So I heard the other day was “National Sibling Day” which I’m assuming to be similar to Mother’s Day or Father’s Day but not quite as nationally recognized. It got me thinking about my family. Not just about my husband and kids but the bigger picture. And what really makes a family, well, family. I am still learning about myself everyday and what makes me……….me, but as I am learning I always joke that there are two things I do know and have always known about this girl…the first is that I was adopted. The second being the fact I have always desired to be a stay-at-home mom and wife with a bushel of kids—both biological and adopted. So today, and for a while now, God has been nudging me to open up about those things…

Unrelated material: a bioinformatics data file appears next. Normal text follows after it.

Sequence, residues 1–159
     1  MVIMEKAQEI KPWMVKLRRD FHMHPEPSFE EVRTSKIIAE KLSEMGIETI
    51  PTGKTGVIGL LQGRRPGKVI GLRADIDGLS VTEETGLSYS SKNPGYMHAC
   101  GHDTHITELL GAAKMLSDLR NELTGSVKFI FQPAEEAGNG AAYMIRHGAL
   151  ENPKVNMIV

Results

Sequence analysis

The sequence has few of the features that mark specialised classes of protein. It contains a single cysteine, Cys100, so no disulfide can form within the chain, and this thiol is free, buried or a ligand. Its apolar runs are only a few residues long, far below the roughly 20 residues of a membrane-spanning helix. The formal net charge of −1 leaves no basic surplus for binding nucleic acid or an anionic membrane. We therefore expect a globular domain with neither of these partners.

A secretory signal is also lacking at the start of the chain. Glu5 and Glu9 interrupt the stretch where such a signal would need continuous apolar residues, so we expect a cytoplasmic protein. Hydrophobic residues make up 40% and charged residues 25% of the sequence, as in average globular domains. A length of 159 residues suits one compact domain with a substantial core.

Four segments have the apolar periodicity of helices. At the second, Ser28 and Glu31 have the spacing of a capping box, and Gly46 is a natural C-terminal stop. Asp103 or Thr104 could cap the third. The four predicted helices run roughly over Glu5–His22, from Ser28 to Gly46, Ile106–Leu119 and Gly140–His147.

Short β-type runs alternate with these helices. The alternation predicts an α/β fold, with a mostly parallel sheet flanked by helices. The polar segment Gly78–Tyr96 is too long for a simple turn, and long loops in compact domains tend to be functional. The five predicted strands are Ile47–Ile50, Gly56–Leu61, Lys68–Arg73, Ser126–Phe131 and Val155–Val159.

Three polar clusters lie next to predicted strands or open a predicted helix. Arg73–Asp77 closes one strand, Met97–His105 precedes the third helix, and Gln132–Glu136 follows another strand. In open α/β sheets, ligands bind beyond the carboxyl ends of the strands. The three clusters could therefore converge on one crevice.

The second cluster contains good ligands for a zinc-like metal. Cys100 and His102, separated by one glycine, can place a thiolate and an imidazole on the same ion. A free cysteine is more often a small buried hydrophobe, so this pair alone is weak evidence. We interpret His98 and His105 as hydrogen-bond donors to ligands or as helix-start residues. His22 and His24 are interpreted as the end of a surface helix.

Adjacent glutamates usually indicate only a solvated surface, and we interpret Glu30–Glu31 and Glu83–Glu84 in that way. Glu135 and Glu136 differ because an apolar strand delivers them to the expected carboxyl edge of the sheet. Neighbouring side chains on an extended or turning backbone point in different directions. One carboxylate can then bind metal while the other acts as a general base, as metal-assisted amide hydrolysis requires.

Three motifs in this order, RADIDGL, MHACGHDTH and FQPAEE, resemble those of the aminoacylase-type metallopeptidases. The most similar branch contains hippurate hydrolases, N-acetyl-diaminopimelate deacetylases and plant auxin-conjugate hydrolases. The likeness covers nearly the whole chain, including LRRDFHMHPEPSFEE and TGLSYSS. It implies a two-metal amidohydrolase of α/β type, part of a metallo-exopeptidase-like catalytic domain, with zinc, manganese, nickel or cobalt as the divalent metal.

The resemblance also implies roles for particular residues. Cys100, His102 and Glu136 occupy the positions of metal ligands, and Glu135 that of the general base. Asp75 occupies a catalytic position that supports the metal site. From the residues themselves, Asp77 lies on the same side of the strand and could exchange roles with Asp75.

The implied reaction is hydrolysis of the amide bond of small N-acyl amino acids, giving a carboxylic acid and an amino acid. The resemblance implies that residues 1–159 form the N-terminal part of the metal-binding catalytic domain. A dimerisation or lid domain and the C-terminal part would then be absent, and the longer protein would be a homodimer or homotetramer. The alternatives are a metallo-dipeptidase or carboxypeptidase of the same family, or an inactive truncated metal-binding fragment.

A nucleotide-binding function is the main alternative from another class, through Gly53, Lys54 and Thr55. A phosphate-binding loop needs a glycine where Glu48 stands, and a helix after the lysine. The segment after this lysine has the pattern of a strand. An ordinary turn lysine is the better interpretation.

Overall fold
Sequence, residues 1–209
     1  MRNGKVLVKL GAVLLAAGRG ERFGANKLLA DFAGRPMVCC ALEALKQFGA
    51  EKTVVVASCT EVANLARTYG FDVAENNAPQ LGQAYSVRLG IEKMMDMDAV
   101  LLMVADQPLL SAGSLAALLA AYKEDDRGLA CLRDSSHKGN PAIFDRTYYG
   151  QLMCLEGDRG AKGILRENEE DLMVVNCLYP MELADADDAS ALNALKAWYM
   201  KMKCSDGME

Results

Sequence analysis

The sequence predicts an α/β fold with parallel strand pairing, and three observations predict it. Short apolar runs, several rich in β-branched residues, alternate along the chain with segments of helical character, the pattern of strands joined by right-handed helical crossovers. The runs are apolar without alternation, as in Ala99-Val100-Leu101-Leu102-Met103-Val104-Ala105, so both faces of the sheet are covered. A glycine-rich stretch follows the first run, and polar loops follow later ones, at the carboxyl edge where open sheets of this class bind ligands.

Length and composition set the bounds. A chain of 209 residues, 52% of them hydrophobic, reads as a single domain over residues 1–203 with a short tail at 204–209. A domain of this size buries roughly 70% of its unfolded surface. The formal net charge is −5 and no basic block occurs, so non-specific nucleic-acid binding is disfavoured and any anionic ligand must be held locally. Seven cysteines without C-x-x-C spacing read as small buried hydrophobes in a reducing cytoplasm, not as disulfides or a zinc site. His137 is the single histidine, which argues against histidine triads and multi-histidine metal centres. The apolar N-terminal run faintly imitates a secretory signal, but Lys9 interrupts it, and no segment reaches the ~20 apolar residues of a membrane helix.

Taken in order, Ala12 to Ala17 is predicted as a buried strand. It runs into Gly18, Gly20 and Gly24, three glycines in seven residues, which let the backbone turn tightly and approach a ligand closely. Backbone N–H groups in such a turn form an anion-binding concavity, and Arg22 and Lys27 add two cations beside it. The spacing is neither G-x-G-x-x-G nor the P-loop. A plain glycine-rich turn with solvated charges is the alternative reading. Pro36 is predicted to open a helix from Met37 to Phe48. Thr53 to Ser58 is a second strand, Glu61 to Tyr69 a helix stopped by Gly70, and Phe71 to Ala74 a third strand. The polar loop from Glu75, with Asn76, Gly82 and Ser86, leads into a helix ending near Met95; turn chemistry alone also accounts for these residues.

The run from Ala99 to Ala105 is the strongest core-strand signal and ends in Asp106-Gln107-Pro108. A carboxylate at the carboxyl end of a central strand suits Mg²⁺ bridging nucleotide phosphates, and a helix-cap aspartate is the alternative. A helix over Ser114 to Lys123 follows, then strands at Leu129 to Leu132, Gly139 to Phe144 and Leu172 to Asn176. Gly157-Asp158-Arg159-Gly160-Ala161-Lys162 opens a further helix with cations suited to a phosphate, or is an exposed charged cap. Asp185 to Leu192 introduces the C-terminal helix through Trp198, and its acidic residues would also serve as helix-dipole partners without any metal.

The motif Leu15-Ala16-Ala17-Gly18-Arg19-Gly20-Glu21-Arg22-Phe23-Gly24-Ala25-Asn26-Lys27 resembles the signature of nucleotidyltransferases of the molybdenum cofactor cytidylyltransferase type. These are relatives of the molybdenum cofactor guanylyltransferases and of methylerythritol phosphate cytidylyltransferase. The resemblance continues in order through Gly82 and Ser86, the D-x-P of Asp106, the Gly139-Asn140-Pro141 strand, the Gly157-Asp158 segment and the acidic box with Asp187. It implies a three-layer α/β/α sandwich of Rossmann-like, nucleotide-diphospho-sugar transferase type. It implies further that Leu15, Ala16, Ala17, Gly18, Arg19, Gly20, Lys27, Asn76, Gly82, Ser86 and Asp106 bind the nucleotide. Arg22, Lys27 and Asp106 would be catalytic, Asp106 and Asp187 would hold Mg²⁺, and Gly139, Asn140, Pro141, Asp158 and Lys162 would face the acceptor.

When I was born, my biological mother made the most loving and then selfless decision one could ever have to make and that was to not only give me life, but then to place me for adoption. Growing up I always knew I was. And even though I always knew I was, there was times I tried to convince myself that I looked like the rest of my family, but I definitely didn’t. It just was what it was…and always will be. It didn’t really make me feel different despite that word, or looking nothing like my family, because I always knew I was loved and a still just as much a part of it as anyone else was. I will admit though, there have been times where it would be nice to know some of the history behind my adoption or who I get my insanely strong will from, but honestly, I can say I have never wondered why she did it. As a mother myself, I know it has to be the greatest act of love there is—to know that for whatever reason, you cannot give your baby the life you feel it deserves so you find someone who can. Honorable. Courageous. Selfless. I guess I have always chosen to look at the silver lining of it if you will. I have always been grateful. I know that it not only helped me to become who I am today (the good and the not so good), but it allowed me to fully understand God’s gift of family…because you see, had I limited my view of who my family was to only the blood related people in my life I would have been a real sad kid growing up…only to grow up into a real sad and probably bitter adult. Because let’s face it, until 8 years ago, I had ZERO blood relation to any of my family. By the grace of God alone, I now know what it is like to look at someone and physically see a bit of yourself in them. Does it change ‘how’ I love my kids them because they are biologically mine? Nope. I don’t love them more than I love my family from when I was a child growing up because they look somewhat like me. I might love them differently because they are my kids, but that has nothing to do with looks, genetics or how they were entrusted to me. God could have brought them to me in a cardboard box on my front porch and I would love them just the same. Don’t get me wrong, I am extremely grateful I was able to experience pregnancy and the things that go along with that, in fact if I could be pregnant all of the time, I would be. Seriously. I loved it. But I also know any of my kids ultimately aren’t really mine per say….they’re God’s and are simply entrusted to me for our short time in this world. I love them because they are a gift. No matter how He gave them to me.